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Inside the White House Scramble to Broker a Deal in Gaza

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Over the course of a few hours, the news from the Middle East came into the White House Situation Room fast and furious.

Israel orders 100,000 civilians out of Rafah in prelude to invasion.

Hamas “accepts” cease-fire deal, potentially precluding invasion.

Israel conducts strikes against Rafah, possibly opening invasion.

The war-is-on-off-on-again developments on Monday left White House officials scrambling to track what was happening and what it all meant. At the end of the day, they came to believe, each of the moves signaled less than originally met the eye, but reflected efforts to gain leverage at the negotiating table with a clear resolution not yet in sight.

In fact, Hamas did not “accept” a cease-fire deal so much as make a counteroffer to the proposal on the table previously blessed by the United States and Israel — a counteroffer that was not itself deemed acceptable but a sign of progress. At the same time, Israel’s strikes in Rafah evidently were not the start of the long-threatened major operation but targeted retaliation for Hamas rocket attacks that killed four Israeli soldiers over the weekend — and along with the warning to civilians, a way to increase pressure on Hamas negotiators.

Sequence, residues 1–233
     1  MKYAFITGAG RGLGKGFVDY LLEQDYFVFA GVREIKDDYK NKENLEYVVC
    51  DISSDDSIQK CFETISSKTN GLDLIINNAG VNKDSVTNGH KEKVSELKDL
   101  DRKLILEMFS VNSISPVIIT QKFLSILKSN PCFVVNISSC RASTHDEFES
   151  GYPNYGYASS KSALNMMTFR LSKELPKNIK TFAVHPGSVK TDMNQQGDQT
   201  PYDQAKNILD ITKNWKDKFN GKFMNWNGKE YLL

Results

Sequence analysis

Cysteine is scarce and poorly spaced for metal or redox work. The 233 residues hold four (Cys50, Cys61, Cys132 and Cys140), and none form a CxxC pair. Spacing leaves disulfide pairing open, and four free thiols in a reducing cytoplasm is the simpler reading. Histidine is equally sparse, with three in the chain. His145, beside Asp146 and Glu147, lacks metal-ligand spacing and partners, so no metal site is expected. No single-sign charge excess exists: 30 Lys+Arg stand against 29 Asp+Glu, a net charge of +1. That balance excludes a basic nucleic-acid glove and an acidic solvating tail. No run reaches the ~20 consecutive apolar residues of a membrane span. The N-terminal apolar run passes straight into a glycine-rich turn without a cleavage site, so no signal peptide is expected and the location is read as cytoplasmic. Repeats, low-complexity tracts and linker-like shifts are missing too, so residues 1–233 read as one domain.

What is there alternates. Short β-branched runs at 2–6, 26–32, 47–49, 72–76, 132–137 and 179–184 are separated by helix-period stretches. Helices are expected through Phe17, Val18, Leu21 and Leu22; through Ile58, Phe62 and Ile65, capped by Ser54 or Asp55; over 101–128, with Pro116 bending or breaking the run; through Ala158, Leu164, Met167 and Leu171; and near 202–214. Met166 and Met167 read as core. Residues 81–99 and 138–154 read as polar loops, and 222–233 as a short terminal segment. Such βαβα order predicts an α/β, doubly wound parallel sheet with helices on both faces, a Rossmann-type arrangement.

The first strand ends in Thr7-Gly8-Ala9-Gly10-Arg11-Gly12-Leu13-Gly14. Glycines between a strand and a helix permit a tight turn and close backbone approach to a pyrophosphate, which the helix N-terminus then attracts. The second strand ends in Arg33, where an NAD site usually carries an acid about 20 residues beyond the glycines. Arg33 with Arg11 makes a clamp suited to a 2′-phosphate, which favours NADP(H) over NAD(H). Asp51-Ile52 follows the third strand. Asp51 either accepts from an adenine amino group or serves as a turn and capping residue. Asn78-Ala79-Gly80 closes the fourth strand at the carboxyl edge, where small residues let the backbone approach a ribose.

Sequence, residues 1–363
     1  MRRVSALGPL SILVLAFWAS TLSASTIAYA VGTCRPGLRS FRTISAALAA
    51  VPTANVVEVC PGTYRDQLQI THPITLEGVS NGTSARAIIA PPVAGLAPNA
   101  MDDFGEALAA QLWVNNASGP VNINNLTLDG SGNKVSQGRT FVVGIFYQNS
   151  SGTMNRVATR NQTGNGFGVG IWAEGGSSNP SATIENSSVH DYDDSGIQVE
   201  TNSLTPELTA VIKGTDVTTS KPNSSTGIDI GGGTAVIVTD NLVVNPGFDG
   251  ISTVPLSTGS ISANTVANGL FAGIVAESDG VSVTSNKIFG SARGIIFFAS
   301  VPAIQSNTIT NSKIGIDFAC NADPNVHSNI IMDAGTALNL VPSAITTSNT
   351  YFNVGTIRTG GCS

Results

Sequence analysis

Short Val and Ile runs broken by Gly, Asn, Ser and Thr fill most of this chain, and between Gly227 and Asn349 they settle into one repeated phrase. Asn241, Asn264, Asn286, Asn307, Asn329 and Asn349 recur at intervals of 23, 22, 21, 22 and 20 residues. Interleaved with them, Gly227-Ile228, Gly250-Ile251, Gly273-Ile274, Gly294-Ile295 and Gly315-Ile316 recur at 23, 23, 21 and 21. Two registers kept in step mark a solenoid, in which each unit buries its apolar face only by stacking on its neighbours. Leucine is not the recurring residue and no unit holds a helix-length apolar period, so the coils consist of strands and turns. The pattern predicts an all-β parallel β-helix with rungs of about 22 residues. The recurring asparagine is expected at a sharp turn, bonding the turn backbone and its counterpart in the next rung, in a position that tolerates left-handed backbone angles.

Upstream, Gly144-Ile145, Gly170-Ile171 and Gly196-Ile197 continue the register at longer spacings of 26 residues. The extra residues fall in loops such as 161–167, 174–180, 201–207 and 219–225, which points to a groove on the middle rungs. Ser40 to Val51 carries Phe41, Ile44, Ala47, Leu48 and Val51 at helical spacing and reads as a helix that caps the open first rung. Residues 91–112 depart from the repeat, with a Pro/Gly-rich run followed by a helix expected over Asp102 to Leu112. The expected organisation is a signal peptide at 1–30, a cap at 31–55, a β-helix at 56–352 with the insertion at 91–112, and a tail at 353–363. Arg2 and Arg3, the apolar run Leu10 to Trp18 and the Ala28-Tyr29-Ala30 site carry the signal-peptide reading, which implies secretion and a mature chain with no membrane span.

The flurry of actions underscored how fluid the situation in the region is as President Biden and his team try to broker a deal that they hope will ultimately end the war that has devastated Gaza, killed tens of thousands of combatants and civilians, inflamed the region and provoked unrest on American college campuses. Over the last few days, the talks went from high hopes that a deal was close, to a fresh impasse that seemed to leave them on the verge of collapse, to a renewed initiative by Hamas to get them back on track.

“Biden is continuing all efforts to thread multiple needles at once,” said Mara Rudman, a former deputy Middle East special envoy under President Barack Obama who is now at the University of Virginia’s Miller Center. The president is still warning Prime Minister Benjamin Netanyahu of Israel that a “Rafah ground invasion is a terrible idea,” she said, while also “pressuring Hamas in every way possible to get hostages out and more humanitarian aid in.”

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